Reeling from the transformation, the shaggy man says, “What a misfortune—what a great misfortune! Give me back my own head, you stupid king—if you love me at all!” Kik-a-bray, however, a donkey himself and an arrogant and pseudointellectual buffoon, genuinely considers this “the greatest gift within [his] power” (82). Some people’s selfish notion of love does not mean accepting others for who they are but forcing the object of adoration to become what they themselves want the beloved to be. The Scoodlers later claim they want to eat the shaggy man and his companions because they love him: “We love you very much; so much that we intend to eat your broth with real pleasure” (117–118). “Love” is not always desirable.
Strangely, Baum never questions the ethics of magically overriding other people’s free will to force them to love you. But he does further complicate the situation when the shaggy man meets Ozma. Because he bathed in the Truth Pond to restore his head to normal, he can no longer lie, so the shaggy man admits that he stole the Love Magnet.
“Why did you steal it?” asked Ozma, gently.
“Because no one loved me, or cared for me,” said the shaggy man, “and I wanted to be loved a great deal” (208).
In reality, the shaggy man stole the Love Magnet from a woman in Butterfield. He might have wanted to reach the town in order to return it, though in his truthful state he also says the woman is happier without it because its absence revealed the suitor who genuinely loved her. As a homeless wanderer, the shaggy man could find no affection except by stealing it because in “the big, cold, outside world” (196) beyond Oz, a place even in the fairy countries home to cruel people like the Scoodlers, Evoldo, the Nome King, and the Gargoyles, nobody accepted his strange ways. In Oz, however, he is overwhelmed, and somewhat embarrassed, to be ushered around and given attention by servants in first the Tin Woodman’s and then Ozma’s palaces. He is welcomed by everyone everywhere he goes because Oz does not use money. (It did in The Wonderful Wizard of Oz, but perhaps Ozma has made some changes.)
Despite the shaggy man’s poverty and strange appearance, the Ozites would love and accept him for his kindness even without the Love Magnet’s effect. The Tin Woodman tells him, “We have no rich, and no poor; for what one wishes the others all try to give him, in order to make him happy, and no one in all Oz cares to have more than he can use” (165). After bathing, the shaggy man changes into exquisite clothes Ozma provides, which are still shaggy, thereby preserving his identity despite his improved material conditions. He then confesses his thievery to Ozma. The shaggy man decides he wants to live in Oz always, but Ozma says this means he must give up the Love Magnet because “in Oz we are loved for ourselves alone, and for our kindness to one another” (210) and not for magic spells. Ozma decides to hang the Love Magnet over the gates of the Emerald City, “that whoever shall enter or leave the gates may be loved and loving” (210).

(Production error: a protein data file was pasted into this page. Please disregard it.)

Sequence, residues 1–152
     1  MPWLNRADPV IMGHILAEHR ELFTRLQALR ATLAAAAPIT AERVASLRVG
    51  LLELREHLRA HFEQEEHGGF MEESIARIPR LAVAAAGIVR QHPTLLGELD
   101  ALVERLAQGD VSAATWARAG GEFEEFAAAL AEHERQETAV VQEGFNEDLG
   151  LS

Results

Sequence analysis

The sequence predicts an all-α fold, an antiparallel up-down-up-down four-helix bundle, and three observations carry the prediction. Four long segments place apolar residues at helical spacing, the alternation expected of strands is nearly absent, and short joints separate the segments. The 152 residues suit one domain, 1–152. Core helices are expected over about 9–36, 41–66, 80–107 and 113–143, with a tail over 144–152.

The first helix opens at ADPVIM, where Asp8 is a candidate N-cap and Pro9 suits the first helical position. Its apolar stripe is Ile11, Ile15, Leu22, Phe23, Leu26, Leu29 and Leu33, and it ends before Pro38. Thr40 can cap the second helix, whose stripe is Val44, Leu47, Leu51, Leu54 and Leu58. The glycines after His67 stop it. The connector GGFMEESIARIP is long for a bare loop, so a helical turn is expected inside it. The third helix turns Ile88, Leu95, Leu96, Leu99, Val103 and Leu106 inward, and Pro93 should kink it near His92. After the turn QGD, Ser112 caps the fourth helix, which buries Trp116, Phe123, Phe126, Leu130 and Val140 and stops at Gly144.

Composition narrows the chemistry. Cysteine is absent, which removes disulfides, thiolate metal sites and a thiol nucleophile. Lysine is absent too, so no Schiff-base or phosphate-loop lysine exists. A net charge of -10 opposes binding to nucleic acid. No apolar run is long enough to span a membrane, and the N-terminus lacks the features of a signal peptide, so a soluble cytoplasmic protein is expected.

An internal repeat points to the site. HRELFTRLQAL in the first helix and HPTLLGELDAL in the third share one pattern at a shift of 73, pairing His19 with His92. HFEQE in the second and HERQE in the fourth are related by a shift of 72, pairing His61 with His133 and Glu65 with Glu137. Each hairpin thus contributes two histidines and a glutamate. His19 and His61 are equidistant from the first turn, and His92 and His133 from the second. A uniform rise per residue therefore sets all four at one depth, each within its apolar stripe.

So, following a baptism in the Truth Pond and then a baptism in the palace, the shaggy man confesses his sins and is allowed to live in Paradise. Neill does often draw Ozma emitting a radiant halo of light. And it is interesting that characters usually enter Oz by a disaster that in real life would kill them. Christian cultural osmosis.
The Scarecrow, the Tin Woodman, and the Cowardly Lion (whom are on the cover for some reason when the shaggy man, Button-Bright, and Polly are not) are interesting in The Wonderful Wizard of Oz and instructive to young readers because each longs for a quality that he actually already possesses. From the get-go, the Scarecrow is the smartest member of the group, the Tin Woodman is the kindest, and the Cowardly Lion never has any shortage of courage. It is just that each imagines himself deficient. Along the course of their journey, a rather more interesting journey than in The Road to Oz, the characters sometimes discuss whether a heart is better than brains, and so on. But ultimately, Dorothy learns that it is not an either/or situation because the whole group reaches a happy conclusion together by cooperating.
As Peter Glassman notes in the afterword, the goal of the journey is not as shallow as restoring Button-Bright and the shaggy man’s heads to normal. The shaggy man, Button-Bright, and Polychrome are all lost and homeless. In helping Button-Bright and Polychrome return to their parents and helping the shaggy man reach a place that will house him, Dorothy, writes Glassman, carries out a task as valuable as showing the Scarecrow, the Tin Woodman, and the Lion that they are not lacking the qualities they desire (264). The Road to Oz is sadly underwhelming compared to The Wonderful Wizard of Oz, and the characters mostly worse. And I object to Glassman claiming that Dorothy helps the shaggy man and the others—if anything, it is the shaggy man who saves Dorothy in both major instances of peril, the Scoodlers and the Deadly Desert—and also Glassman’s belief that the companions in the first novel “realize they possess the qualities they sought” when they never, ever realize it. However, his point is true that The Road to Oz may be more sophisticated that it seems.